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13/05/02 . By Tim Large . Reuters . Japan
Japan braces for fourth mad cow case
TOKYO (Reuters) - Japan was expected to confirm its fourth case of mad cow disease on Monday, dashing hopes for a recovery in the crisis-hit food sector and setting off alarm bells just weeks before soccer's World Cup finals.
Preliminary tests at the weekend gave a positive result for the brain-wasting disease, the first new case since November, and a panel of experts was due to give its final decision on the latest case in the afternoon.
The Health Ministry said on Saturday tests had confirmed the illness in a six-year-old Holstein cow from a dairy farm on Japan's northern main island of Hokkaido.
The suspected case comes just weeks before thousands of visitors descend on Japan for soccer's World Cup finals, being cohosted with South Korea (news - web sites), itself hit by foot and mouth disease in its pigs.
"It's not surprising a fourth case has been discovered," said Setsuko Yasuda, head of Foods Policy Center Vision 21, a food-safety lobby. "Given the disease's long incubation period of two to eight years, we've been expecting more cases."
"The government should start preparing for a possible outbreak of vCJD."
Formally known as bovine spongiform encephalopathy (news - web sites) (BSE (news - web sites)), mad cow disease has been linked to variant Creutzfeldt-Jakob (vCJD) disease, which has killed about 100 people in Europe but so far no one in Japan.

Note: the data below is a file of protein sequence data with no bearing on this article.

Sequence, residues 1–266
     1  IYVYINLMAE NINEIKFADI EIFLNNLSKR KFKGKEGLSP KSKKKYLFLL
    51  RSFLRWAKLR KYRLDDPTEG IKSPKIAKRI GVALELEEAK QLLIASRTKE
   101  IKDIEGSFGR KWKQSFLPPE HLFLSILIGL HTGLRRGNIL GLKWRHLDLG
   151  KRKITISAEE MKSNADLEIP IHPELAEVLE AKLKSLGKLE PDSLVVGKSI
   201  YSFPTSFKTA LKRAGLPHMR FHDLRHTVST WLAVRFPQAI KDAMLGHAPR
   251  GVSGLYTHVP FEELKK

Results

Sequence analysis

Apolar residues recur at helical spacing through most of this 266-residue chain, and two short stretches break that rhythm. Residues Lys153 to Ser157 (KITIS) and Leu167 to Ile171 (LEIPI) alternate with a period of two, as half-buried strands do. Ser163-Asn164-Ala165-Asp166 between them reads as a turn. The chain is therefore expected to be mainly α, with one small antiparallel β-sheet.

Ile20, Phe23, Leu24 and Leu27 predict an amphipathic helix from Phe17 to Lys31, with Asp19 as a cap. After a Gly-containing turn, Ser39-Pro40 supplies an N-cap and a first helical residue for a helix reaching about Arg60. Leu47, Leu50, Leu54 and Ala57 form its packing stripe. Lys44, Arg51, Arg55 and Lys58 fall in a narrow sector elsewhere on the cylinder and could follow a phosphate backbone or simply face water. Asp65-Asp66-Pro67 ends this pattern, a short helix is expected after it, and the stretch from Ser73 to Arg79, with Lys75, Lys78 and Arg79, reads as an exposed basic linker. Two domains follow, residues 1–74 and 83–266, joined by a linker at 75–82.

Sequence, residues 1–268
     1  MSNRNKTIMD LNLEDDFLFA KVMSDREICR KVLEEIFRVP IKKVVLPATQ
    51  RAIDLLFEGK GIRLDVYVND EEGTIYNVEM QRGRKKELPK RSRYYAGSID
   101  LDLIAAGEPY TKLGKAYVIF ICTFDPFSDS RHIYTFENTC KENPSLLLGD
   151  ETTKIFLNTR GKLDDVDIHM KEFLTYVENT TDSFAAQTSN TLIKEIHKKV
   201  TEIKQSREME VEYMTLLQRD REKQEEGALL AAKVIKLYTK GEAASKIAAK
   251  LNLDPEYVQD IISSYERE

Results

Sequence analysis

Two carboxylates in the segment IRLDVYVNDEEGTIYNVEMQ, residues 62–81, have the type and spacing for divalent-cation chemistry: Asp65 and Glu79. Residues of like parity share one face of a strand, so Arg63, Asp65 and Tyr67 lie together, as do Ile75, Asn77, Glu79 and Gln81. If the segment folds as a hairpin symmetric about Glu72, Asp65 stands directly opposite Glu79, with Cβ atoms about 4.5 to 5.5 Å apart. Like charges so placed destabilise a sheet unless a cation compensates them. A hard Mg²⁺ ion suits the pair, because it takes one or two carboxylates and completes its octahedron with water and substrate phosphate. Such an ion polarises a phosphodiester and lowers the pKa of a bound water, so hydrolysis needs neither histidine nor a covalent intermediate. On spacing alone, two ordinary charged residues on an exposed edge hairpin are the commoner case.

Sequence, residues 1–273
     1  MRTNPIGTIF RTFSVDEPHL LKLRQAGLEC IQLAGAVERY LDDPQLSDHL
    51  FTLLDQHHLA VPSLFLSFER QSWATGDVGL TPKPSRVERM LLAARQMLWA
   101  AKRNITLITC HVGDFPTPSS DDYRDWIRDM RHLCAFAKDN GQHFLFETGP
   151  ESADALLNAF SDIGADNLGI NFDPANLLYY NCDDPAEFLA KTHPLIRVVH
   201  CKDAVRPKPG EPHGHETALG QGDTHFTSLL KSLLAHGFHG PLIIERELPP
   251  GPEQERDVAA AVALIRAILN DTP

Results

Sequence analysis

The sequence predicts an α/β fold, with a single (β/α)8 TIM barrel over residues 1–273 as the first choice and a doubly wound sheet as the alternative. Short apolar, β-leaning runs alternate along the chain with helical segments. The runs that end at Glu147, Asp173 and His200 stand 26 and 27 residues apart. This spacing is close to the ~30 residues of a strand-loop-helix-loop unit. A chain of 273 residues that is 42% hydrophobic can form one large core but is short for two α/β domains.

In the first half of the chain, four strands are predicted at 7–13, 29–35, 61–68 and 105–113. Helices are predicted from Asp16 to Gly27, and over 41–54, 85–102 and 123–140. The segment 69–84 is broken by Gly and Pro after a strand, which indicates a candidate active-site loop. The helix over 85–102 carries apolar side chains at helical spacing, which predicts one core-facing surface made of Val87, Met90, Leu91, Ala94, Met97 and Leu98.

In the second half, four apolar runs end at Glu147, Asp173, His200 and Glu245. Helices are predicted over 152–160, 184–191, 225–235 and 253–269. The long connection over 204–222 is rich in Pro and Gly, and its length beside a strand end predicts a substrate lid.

The outbreak last September has devastated Japan's appetite for beef, battered earnings of food companies and restaurants, and shattered already fragile faith in the country's food-safety standards.
"This is not good for Japan's image with the World Cup coming up, and will certainly slow any recovery in beef consumption," said Susumu Harada, Tokyo director of the U.S. Meat Export Federation.
Most of Japan's beef imports come from the United States, although Australia is also a major supplier. Total Japanese imports are expected to hit 506,000 tonnes this year, down 25 percent from 2001.
The Farm Ministry last month estimated the total industry-wide damage of BSE at up to 380 billion yen ($2.98 billion), though signs had emerged last week that confidence was slowly returning.
The weighted price average of domestic beef on the Tokyo Meat Market hit 842 yen per kg -- a significant recovery from lows plumbed in September, but still well levels before the first outbreak on September 10.
The weighted average price stood at 1,197 yen per kg in August. Beef prices tumbled as low as 251 yen per kg in early March but have been rebounding gradually since April.
"I won't be eating beef anymore," said Toshiko Hijikata, a 49-year-old housewife.
"You don't know who you can trust anymore because so many companies, including those affiliated with agricultural and consumer cooperatives, have been involved in mislabelling scams."
Earlier this year, Snow Brand Food Co Ltd, Japan's sixth-largest meat packer, was caught mislabelling imported beef as domestic in a bid to get government money aimed at helping the local industry cope with BSE.
Similar scams at other firms have since come to light, shattering faith in food-safety standards.
Shares in food companies that saw their earnings plummet after September were holding steady ahead of the final verdict by the panel of experts.
McDonald's Co (Japan) Ltd, Japan's top restaurant chain, closed the morning session down 0.34 percent at 2,950 yen, compared with a 1.7 percent decline in the benchmark Nikkei average.
Yoshinoya D&C Co Ltd, Japan's largest beef-bowl restaurant chain, was up 0.93 percent at 216,000 yen.
All four cows that tested positive since September were born in early 1996 and are thought to have been fed a milk substitute as calves that may have contained animal additives infected with BSE.
Since October, Japan has tested all cows slaughtered for beef for the disease.
But experts say a good many cases may remain undiscovered, because
farmers are reluctant to sell old cows
that are past milking age to be processed into beef.